In honor of my “Agent Carter” sew along, and in the spirit of being inspired to delve into decade of the 1940’s, I will be posting a few recipes so we can cook food from the era. Each of the recipes I post will have been tried out by hubby and myself, to be tested true to the letter, able to turn out well as instructed, and tasting excellent to our taste. As my blog is primarily about sewing, history, fashion, and the like, not about ideas for food or for living, I don’t expect to post cooking recipes again after my “Agent Carter” sew along is over at the end of May.
The cookbook from which the recipes come is one that is a family heirloom. The title is “Modern Family Cookbook” , by Meta Given, and it had belonged to Hubby’s Grandmother. Looking at the inside cover of all the reprinted editions, I can see it must have been quite popular, although I’ve never heard of this cookbook anywhere else. The first printing was 1942, and the last recorded edition is 1948.
This post will feature a main meal, with a meat and a side. This food tastes like hearty, rich, good old-fashioned home cooking. It uses lots of bacon grease, cheese, meat – things modern society tell us is not good for us. However, the Grandmothers on both sides of our family are (and were) very long-lived, and they survived on this kind of cooking! Ignore the guilt for once and cook up this yummy meal.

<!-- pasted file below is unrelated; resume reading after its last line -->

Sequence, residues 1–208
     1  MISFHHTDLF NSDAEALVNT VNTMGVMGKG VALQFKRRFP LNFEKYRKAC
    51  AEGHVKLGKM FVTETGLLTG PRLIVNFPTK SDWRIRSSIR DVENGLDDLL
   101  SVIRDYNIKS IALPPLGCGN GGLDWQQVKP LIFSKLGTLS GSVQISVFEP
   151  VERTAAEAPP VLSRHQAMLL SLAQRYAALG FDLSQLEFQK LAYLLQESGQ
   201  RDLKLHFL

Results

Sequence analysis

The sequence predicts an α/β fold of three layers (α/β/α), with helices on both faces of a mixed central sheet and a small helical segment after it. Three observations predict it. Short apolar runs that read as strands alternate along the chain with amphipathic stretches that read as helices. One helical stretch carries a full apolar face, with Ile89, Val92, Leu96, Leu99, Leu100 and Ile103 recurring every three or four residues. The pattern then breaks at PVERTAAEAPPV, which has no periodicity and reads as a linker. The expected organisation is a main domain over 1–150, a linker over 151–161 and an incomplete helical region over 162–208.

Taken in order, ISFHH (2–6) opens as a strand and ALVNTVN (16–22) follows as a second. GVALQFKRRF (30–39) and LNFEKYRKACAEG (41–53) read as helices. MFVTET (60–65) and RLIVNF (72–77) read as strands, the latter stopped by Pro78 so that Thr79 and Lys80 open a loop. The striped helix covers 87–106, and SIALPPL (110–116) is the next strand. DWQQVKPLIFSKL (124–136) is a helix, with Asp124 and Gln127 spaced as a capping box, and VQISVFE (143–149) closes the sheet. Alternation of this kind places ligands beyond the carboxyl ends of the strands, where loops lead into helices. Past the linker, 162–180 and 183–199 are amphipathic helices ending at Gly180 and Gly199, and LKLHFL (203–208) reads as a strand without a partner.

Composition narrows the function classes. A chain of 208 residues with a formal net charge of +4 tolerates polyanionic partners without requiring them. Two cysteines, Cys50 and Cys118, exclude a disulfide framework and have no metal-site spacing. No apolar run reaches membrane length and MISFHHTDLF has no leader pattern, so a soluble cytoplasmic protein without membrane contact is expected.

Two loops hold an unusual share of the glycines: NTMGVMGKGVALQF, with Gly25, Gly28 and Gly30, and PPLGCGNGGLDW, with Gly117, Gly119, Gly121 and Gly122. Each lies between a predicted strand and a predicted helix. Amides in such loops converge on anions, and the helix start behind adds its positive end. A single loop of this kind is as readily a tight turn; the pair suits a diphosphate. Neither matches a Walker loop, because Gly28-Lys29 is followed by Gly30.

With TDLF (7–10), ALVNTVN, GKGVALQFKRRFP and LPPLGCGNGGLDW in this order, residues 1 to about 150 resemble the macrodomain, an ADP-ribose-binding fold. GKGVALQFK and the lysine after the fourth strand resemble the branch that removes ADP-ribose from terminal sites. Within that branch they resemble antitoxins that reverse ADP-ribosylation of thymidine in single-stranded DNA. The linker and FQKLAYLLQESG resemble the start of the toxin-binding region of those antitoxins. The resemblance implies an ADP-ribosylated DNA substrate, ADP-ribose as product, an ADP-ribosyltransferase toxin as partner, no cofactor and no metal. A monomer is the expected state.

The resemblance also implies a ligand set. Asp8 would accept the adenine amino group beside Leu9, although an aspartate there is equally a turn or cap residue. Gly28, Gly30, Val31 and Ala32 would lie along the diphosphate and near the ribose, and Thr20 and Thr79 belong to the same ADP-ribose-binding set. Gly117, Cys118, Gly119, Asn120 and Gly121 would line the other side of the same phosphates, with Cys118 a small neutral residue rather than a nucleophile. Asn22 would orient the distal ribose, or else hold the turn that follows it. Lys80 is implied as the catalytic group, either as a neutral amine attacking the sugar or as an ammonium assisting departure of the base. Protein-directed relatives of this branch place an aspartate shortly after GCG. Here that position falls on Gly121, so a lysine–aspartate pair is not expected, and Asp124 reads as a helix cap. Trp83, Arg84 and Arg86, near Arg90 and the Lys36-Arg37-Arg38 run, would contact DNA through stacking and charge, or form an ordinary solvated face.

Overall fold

For the beef balls, I used a pre-packaged one pound portion of ground beef, so I slightly decreased all the other ingredients just a tad. We also chose to cut the amount of horseradish in half, only adding 1 tablespoon, to make the taste not so overpowering.
You don’t need much to make the beef balls – just a handful of basic ingredients (see picture).
When we made the side dish, we made a half batch, and it was enough for two adults and a child with a large appetite 🙂 As is optional in the instructions, I did use a can of green beans (they were organic) out of convenience, and – yes – they tasted good…much better than I ever expected.
The great thing about making the braised beef balls with the green beans as the side is you can fry up one big batch of bacon, and the drippings go towards both recipes. About half of the bacon we cooked up went into the green beans, which left a good amount to have on hand for anything else.
Yum! Don’t you smell that bacon!
Served up on our table, the finished meal looked like the picture below, rounded off with a side of mashed potatoes and a topping of pan gravy (from the beef ball recipe).